Murder In Contaiment
Later that day, Doyle stood beside Acton and the coroner as they somberly contemplated the dead SOCO photographer, lying in her bleak stainless steel drawer in the morgue. Law enforcement necessarily involved personal risk; still, it was never easy to lose one of their own, and one would think a Scene of Crime Officer—and a photographer, to boot—would not be in any particular danger. Upon hearing the news, Doyle had sacrificed her lunch hour to visit the decedent—not much of a sacrifice, really, since she’d no appetite to speak of in the first place. And despite the fact he was hip deep in high-profile cases, Acton had offered to accompany her, and so here they were, taking a long, dispassionate look at the remains of the blonde woman in her thirties who’d evidently met a bad end. The lividity marks showed she’d died prone on her back, and the bruise patterns indicated one or more blows to the forehead. After a small silence, Doyle asked Acton, “Do we have a preliminary report?”
“Found dead in her flat; reported by a neighbor who noticed the smell. Possible domestic violence; the neighbor remembers hearing an altercation with a man.”
The coroner indicated with a finger, “Cause of death was blunt force trauma; fractures to the frontal bone and supraorbital process. Weapon was cylindrical; estimate three inches in diameter.”
Doyle nodded. Dr. Hsu, the coroner, tended to be very matter-of-fact about the most grisly of subjects, no doubt a result of his profession mixed with his Chinese heritage—Doyle had the vague idea that the man’s religious beliefs included the recycling of departed spirits. I suppose that would put a different light on death, thought Doyle, if you believed that the persons lying before you would come back to life under a different identity, good as new.
“She faced her killer, then. Defensive wounds?” asked Acton. If there had been a face-to-face battle, the chances were good that the woman would have helpful DNA on her hands or arms.
“None apparent,” was the coroner’s regretful answer. “And although we took swabs from under her nails, preliminaries indicate that she was wearing latex gloves, even though there were none at the scene. Some spot bruising on her forearms—nothing of significance.”
“Perhaps because she warded off the blows?” Doyle demonstrated by raising her arms and crossing them. “Otherwise, she just let someone come up and conk her in the face, which seems unlikely.”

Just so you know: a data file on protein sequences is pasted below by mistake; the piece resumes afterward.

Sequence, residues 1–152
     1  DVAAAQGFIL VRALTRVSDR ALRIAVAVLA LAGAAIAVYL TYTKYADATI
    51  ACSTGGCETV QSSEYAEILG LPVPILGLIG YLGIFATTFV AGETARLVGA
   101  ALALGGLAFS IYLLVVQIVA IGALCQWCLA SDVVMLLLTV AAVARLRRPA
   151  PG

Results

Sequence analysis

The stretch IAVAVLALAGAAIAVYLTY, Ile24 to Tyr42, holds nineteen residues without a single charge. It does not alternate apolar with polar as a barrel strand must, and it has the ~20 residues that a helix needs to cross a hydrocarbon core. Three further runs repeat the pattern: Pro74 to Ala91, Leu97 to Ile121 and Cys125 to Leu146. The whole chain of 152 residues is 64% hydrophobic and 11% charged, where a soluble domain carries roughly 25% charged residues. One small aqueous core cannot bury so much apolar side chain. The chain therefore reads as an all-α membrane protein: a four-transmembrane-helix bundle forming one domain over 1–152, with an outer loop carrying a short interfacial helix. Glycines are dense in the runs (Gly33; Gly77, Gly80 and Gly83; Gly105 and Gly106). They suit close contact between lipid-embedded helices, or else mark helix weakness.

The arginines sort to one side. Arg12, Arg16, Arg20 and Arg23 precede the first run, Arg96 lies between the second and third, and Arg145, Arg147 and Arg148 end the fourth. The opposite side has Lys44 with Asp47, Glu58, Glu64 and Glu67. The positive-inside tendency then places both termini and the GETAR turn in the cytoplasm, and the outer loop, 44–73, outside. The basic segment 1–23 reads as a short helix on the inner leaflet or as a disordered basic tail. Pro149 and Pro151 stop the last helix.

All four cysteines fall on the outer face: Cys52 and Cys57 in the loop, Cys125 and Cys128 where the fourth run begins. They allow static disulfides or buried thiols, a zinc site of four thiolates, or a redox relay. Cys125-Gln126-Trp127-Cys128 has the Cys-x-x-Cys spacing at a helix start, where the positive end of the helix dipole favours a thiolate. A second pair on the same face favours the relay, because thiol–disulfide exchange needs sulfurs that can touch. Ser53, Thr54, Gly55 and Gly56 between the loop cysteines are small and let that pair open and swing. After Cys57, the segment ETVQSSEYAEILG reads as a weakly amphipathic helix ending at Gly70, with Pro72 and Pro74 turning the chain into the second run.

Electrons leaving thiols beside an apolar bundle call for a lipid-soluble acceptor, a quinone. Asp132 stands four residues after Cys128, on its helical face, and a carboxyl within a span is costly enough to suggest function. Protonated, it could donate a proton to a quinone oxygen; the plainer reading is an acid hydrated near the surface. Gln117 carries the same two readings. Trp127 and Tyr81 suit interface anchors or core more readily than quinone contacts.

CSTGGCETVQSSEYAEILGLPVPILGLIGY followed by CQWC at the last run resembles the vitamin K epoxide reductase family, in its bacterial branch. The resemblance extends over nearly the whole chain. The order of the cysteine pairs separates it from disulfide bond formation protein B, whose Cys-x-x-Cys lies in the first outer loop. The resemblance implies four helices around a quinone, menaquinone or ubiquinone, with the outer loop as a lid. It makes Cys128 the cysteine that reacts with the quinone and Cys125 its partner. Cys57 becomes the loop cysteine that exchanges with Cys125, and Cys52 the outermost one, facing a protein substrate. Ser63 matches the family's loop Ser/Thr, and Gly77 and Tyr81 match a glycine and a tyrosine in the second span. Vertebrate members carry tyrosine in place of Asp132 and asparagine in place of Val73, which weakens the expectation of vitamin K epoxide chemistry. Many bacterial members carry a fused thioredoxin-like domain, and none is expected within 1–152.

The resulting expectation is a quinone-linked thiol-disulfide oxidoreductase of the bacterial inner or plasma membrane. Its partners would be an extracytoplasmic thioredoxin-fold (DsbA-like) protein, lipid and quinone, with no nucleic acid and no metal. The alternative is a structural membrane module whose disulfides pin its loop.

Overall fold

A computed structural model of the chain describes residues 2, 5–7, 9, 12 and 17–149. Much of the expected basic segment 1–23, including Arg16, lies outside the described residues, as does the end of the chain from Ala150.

“Only spot bruising on her arms,” Acton reminded her. “Therefore, not from blows.”
Doyle frowned as she considered this paradox—paradox being a vocabulary word—but Acton was apparently following his own train of thought.
“Was she reclining when struck?”
“Upright,” the coroner replied. “Then fell back.”
“Was she bound?”
“No—no bruising at the wrists.”
“Prelim shows no drugs or alcohol.”
Acton was silent for a moment, and Doyle took the opportunity to ask, “Who’s been assigned to the case? And have we any likely suspects?”
Acton replied, “DI Chiu is the Crime Scene Manager. No obvious suspects; no indication there was a steady boyfriend.”
Doyle made a wry mouth. “Not a surprise, my friend. She carried a crackin’ torch for you, you know.”
He did not disclaim, but remained thoughtful. “That doesn’t mean she didn’t have a boyfriend—or someone.”
But Doyle shook her head doubtfully. “With her, I’m not so sure—she was the reclusive type; I imagine she rarely went anywhere. She probably did those role-playing video games, and kept a cat.”
The coroner lifted the corpse’s hand. “The cat had started in on her fingers.” It was an unfortunate truism that when cats were hungry, they were not sentimental creatures.
“No sign that the motive was robbery,” Acton noted. “But it may be helpful to delve into that aspect, and take another careful look `round.”
Doyle wasn’t sure she followed him. “And why is that?”
Acton crossed his arms, his hooded gaze on the woman’s remains. “She was struck facing her attacker, yet there are no signs that she attempted to ward off the blow. What does that tell you?”